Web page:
Those classed as 'clinically extremely vulnerable' and at high risk include people with certain cancers, those who have received organ transplants, people on certain immunosuppression therapies, and people with severe respiratory conditions, such as severe asthma or severe COPD.

All those classed as at high risk are advised to stay at home, with the Government saying that the most vulnerable should ‘shield’ themselves from the disease until at least the end of June. 

On 1 June, however, the Government said that those who have been shielding since March may wish to consider spending time outdoors once a day. This can be with members of their own household or, for those shielding alone, with one person from another household.

If individuals wish to spend time outdoors, they should take extra care to minimise contact with others by keeping two metres apart at all times. 

Those at high risk should have received a letter from the NHS, providing further help and advice. Further information is available here.

People at ‘moderate risk’, and therefore clinically vulnerable, include those aged 70 and over, people of any age with an underlying health condition, people with a weakened immune system, very obese people (with a BMI of 40 or above) and pregnant women. Those at moderate risk should stay at home as much as possible and follow social distancing guidelines closely.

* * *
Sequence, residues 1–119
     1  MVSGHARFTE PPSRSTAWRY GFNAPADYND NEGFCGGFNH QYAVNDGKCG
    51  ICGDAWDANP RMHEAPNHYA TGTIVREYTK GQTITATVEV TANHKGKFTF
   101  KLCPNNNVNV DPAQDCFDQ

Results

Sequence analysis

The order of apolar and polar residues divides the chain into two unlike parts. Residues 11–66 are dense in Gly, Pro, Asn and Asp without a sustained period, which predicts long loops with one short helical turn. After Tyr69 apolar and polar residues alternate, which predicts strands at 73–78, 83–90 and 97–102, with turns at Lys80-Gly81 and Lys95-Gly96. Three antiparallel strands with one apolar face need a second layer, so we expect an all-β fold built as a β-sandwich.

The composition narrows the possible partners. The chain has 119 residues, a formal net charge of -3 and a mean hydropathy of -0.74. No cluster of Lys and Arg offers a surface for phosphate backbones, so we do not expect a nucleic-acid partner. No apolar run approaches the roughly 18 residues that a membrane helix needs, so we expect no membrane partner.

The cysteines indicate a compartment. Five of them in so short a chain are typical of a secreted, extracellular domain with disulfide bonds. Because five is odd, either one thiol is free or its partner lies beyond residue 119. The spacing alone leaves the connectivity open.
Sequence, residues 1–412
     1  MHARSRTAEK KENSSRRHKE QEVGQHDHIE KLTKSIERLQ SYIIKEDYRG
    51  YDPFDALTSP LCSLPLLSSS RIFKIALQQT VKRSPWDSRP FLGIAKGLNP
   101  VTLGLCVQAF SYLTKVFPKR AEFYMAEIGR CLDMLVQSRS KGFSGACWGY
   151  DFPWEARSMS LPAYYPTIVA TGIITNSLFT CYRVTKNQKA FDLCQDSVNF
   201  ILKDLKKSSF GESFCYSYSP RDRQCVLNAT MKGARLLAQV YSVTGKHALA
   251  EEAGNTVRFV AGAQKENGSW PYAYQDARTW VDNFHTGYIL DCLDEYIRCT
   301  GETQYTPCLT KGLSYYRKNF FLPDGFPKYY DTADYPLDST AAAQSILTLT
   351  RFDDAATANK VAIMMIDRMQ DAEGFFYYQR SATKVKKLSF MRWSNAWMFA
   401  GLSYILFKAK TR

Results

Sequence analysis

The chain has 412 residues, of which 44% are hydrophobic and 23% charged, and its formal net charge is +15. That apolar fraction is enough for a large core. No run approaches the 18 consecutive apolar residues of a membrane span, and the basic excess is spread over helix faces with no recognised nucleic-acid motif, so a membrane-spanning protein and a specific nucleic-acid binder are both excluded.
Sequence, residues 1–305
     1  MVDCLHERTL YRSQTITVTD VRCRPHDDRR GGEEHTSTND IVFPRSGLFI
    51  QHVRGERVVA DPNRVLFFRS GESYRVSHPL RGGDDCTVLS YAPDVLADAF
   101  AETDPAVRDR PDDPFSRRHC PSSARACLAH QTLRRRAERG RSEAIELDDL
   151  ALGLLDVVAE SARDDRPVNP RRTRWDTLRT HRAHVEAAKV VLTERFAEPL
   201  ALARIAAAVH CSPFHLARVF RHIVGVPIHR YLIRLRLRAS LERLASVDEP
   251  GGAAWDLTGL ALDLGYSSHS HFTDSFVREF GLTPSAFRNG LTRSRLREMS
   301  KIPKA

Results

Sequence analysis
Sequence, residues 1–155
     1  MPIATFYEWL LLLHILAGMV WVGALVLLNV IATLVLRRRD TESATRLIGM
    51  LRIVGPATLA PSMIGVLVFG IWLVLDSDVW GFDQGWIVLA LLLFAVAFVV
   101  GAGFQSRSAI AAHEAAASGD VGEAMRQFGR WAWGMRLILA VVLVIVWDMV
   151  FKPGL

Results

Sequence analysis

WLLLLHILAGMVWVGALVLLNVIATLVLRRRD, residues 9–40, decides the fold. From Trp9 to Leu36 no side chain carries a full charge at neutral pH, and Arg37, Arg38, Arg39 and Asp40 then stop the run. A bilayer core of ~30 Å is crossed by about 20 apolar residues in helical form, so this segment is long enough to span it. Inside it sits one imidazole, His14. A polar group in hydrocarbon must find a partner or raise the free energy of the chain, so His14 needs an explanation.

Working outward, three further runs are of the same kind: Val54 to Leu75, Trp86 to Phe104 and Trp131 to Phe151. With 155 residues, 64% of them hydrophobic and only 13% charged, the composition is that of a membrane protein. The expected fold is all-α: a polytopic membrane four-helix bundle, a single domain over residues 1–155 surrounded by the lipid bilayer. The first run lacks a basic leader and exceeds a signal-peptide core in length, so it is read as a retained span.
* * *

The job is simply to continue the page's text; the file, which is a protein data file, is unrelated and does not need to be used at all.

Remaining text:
With the Government updating its advice to people on a regular basis, it’s important that you only go to trusted sources – such as BBC Radio Leicester and the Leicester Mercury – for reliable and up-to-date information that will help keep you and your family safe.

City Mayor Peter Soulsby said: “What is clear is that lockdown is not going to end all in one go and it will be a complex and gradual process.

“Please continue to follow the rules on distancing, and, if in doubt, stay home.”

The Government’s latest advice is available at www.gov.uk

Guidance for vulnerable people, and for those who care for older or vulnerable people, is available here.

If you're struggling because of coronavirus - for example, with paying bills, being out of work, or taking care of your mental health - you can find help here.

Information about the coronavirus in Leicester is available at leicester.gov.uk while information about council services affected by coronavirus can be found at leicester.gov.uk/serviceupdates